All Posts Tagged With: "fair"
Most grades are reasonable and well-explained. What do you do when one isn’t?
One of my many duties as chair of an academic department is dealing with student appeals. I’ve been dealing with such an appeal over the last couple of weeks, and it brought to mind a question that most students face at one time or another. What do I do when I think the grade I received is unfair?
The first thing to do is nothing. Do not go racing into your instructor’s office waving your paper with tears of rage in your eyes. Take at least 24 hours to consider the grade you received and to reflect on whether or not it was reasonable. If the instructor has included comments, read them carefully and, as honestly as you can, ask yourself whether the problems pointed out are genuine.
Even professional scholars face this kind of criticism. When I sent a draft of my book to my publisher, I received comments to the effect that the book was good but something must be done about chapter five. I had thought chapter five was quite good, and at first I was angry that these numskulls had pissed on my work. But that was just a bruised ego on my part. After I cooled down, and looked at chapter five again, I had to admit that it wasn’t as good as I thought it was. When it comes to intellectual work, intelligence is less important than humility.
If after some time, you still feel that your grade is unfair, you should see your instructor. At my university students are actually obliged to contact their instructors directly before they take further steps. And, in fact, most student concerns are handled at this preliminary stage. An instructor may have made an error in calculating or submitting a grade; the student, on hearing a fuller explanation of a mark may realize it was fair after all; or, the instructor, on further thought, might think a higher grade is justified after all.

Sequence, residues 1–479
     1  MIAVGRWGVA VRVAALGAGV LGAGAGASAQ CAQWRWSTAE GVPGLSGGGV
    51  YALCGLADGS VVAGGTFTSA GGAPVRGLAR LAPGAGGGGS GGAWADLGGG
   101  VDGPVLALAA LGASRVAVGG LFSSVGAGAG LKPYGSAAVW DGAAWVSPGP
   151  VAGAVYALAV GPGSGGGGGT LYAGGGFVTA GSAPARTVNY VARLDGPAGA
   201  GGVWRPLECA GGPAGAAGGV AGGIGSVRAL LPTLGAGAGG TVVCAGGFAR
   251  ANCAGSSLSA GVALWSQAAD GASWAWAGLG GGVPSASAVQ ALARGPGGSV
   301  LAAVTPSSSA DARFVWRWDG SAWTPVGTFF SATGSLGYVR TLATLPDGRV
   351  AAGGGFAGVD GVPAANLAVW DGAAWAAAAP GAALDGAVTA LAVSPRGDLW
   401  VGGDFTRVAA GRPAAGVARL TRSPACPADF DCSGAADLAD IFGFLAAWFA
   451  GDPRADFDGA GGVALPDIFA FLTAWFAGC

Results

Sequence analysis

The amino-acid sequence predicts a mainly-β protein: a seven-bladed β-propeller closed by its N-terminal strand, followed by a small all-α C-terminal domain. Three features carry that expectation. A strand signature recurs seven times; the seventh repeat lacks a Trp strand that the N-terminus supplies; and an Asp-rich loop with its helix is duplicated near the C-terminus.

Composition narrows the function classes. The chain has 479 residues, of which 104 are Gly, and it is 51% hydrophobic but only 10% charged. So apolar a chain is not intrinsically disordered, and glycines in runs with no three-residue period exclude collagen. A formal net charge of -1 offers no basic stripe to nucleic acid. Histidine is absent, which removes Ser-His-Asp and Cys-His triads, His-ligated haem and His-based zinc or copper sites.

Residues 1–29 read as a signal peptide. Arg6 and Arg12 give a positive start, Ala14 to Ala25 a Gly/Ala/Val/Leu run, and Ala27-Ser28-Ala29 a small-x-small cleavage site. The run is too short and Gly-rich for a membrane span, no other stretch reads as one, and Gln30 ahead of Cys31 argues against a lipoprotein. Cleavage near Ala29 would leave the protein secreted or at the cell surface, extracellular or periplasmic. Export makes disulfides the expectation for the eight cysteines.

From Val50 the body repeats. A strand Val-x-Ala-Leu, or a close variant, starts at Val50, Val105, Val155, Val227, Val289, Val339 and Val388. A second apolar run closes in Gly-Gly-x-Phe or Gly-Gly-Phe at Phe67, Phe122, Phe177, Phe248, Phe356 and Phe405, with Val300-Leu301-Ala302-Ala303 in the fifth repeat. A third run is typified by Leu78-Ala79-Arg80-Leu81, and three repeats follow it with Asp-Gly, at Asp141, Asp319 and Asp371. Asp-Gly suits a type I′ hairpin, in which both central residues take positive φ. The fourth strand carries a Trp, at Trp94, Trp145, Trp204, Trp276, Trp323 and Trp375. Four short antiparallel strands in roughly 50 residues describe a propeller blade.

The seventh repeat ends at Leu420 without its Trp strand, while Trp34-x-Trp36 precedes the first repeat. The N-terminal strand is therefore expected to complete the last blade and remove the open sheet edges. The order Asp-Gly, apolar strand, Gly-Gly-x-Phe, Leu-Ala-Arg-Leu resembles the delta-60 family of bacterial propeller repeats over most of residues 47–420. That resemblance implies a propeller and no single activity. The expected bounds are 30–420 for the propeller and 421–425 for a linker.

Approach this conversation as a conversation, not a presentation of demands. If you take the position, even by implication, that you know you’re brilliant and if your prof can’t see it, he must be a moron, then your instructor will only dig in his heels further. Do not say that you did much better than this in high school, or that you are getting higher marks in other classes — no professor in the history of the university has ever been convinced by those arguments. Instead, ask your instructor to explain comments and problems in more detail; ask what you might have done differently; ask whether your instructor allows students to rewrite papers. If these answers seem unsatisfactory, ask if the instructor would mind looking over it once more, just to be sure that’s the correct grade.